German philosopher, Johann Wolfgang von Goethe got the ball rolling in 1810 when he published his Theory of Colours. It was later published in English. Goethe made an exhaustive scientific study of color which he considered to be his most important work in his prolific career. He did not venture into applying his color theory to the ehnancement of personal appearance.
The first actual “color and image consultant” was Michel Eugene Chevreul (1786–1889). He was Director of a tapestry business and, of course, color was of paramount importance to him. He made the curious discovery that colors could have one impact when placed side-by-side, and another entirely when viewed alone. For example, he contracted to create a colorful tapestry for a client that would incorporate the exact same shade of yellow as her curtains, which were a solid color. Chevreul wove a yellow matching the curtains into the tapestry, but when finished, the yellow looked very different woven in amongst other colors. The viewer's perception of the yellow in the carpet had been influenced or manipulated by the other colors alongside it.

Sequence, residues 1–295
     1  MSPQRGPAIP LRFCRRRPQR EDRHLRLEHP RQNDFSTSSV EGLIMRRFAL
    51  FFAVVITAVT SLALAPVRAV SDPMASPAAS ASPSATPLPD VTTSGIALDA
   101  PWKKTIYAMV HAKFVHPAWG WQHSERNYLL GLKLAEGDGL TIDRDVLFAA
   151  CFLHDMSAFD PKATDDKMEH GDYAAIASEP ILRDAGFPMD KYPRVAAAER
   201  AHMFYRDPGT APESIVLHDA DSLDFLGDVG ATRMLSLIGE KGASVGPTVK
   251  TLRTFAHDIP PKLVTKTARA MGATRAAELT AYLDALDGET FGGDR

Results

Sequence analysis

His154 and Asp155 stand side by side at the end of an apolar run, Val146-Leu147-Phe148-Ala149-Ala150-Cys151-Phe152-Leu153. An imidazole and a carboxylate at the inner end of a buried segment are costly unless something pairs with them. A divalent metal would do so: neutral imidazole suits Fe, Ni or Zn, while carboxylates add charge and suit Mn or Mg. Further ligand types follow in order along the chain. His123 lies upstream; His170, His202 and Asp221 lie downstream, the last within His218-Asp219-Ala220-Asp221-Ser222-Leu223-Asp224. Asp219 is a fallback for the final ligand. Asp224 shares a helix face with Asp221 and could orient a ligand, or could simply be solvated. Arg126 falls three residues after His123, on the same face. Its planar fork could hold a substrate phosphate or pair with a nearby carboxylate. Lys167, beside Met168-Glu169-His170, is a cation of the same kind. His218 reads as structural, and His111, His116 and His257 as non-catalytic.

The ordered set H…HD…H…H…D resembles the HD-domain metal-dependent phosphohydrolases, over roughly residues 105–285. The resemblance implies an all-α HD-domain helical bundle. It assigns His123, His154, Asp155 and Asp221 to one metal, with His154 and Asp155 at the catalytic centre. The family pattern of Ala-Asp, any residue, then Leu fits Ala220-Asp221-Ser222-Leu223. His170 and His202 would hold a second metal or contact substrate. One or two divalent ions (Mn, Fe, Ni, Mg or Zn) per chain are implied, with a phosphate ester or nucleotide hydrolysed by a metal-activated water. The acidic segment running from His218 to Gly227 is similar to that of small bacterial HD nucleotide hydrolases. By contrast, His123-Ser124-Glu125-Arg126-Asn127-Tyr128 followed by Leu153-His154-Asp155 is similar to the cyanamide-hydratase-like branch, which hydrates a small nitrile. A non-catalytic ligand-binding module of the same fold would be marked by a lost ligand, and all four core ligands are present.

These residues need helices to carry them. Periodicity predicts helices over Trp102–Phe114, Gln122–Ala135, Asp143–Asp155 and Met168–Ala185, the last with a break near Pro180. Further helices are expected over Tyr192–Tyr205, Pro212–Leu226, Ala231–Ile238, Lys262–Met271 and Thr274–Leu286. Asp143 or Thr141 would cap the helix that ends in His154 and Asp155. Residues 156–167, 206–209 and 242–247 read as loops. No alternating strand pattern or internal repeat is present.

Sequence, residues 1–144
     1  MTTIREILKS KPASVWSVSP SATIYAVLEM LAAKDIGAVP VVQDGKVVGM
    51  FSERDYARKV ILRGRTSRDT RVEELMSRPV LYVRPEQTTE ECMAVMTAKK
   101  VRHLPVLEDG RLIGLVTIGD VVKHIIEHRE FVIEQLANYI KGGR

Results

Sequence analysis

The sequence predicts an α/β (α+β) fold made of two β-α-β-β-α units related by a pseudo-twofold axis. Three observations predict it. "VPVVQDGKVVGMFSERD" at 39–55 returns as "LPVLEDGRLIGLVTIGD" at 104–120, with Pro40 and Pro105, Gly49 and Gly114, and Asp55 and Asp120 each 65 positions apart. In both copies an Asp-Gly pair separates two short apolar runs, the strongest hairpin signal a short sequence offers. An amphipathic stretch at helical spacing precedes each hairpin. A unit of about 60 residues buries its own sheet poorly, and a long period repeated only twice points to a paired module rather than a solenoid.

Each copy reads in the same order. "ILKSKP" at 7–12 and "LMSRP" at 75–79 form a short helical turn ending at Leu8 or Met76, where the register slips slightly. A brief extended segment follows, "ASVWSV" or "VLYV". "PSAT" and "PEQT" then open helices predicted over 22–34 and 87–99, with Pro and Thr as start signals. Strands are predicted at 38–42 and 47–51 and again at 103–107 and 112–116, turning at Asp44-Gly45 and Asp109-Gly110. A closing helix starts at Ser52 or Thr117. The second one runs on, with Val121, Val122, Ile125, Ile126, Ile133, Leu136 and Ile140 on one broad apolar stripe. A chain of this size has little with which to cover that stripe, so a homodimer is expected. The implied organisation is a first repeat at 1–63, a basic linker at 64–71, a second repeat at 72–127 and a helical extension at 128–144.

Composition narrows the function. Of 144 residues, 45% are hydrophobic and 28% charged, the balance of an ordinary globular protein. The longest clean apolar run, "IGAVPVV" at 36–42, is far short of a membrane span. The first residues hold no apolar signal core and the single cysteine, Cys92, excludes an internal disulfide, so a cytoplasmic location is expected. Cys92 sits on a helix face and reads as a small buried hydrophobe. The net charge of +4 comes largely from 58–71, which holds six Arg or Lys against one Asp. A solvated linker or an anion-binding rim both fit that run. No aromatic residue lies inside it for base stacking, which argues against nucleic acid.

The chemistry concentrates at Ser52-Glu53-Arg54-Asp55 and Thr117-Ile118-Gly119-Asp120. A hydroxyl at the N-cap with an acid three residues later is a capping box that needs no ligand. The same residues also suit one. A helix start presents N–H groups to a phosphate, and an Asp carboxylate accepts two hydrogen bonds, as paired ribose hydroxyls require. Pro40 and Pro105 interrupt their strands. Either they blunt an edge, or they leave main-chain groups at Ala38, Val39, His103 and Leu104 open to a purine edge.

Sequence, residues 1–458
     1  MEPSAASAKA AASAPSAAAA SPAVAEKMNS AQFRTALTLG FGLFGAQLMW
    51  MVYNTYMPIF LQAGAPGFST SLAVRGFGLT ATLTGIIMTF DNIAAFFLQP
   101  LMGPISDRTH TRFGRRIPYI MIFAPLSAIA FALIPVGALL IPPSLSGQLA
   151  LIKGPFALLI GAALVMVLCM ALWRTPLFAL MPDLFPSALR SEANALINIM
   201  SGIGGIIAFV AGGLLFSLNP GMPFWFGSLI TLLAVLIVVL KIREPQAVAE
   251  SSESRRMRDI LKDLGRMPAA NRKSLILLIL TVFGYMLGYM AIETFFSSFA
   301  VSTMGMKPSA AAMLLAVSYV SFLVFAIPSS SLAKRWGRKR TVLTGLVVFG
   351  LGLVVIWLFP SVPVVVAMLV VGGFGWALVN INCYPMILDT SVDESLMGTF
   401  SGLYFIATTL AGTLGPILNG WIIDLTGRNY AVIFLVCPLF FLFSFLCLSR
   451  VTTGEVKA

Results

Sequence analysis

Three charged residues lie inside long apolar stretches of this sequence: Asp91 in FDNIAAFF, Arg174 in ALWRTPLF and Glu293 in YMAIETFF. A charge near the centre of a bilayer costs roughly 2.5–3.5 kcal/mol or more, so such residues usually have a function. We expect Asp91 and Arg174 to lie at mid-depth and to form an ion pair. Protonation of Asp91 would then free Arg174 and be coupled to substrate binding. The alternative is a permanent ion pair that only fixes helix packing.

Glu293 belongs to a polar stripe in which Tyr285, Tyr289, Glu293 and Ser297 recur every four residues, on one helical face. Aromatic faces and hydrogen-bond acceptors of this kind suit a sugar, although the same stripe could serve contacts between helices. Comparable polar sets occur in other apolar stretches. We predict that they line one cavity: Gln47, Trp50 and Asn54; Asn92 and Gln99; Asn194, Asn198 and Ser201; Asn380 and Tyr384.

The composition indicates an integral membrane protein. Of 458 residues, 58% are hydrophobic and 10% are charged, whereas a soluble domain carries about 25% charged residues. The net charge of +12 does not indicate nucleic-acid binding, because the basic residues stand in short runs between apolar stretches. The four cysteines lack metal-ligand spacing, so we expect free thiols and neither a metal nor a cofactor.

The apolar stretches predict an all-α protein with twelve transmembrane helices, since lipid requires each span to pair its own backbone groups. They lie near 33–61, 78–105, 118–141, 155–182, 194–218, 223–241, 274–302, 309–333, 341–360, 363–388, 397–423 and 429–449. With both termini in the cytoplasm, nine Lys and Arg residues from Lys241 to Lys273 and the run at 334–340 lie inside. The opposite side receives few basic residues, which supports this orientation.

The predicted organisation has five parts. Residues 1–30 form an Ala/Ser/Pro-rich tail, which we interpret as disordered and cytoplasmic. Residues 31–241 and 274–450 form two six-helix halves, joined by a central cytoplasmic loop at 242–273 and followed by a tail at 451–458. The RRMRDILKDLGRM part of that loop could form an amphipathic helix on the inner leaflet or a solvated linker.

He made another curious discovery. When looking at any particular color, the human eye wants to view the complementary color also. The complementary color is found on the opposite side of the color wheel. The eye seems to have a precise equilibrium, so that when looking at red, for example, the eye generates green, even though we are not aware of it. He called this phenomenon Simultaneous Contrast. In 1839, Chevreul published “Of the Law of Simultaneous Contrast of Colors." Chevreul wrote a chapter on clothing and hair color for this book. In this chapter he declared that any color worn next to the face, including hair color, would affect the appearance of the skin's color.
French Impressionists painters were greatly influenced by Chevreul’s book, and incorporated his teaching into their artwork. Then two German artists and art educators further enlightened people on the principles of simultaneous contrast. Johannes Itten published The Art of Color in 1961, and Josef Albers published Interaction of Color in 1963.
It was Itten who first suggested a natural correspondence between the four seasons of the year and four groups of naturally harmonious colors. In the 1980s others then took this information and created the “seasonal” color analysis palettes that became quite popular, very quickly.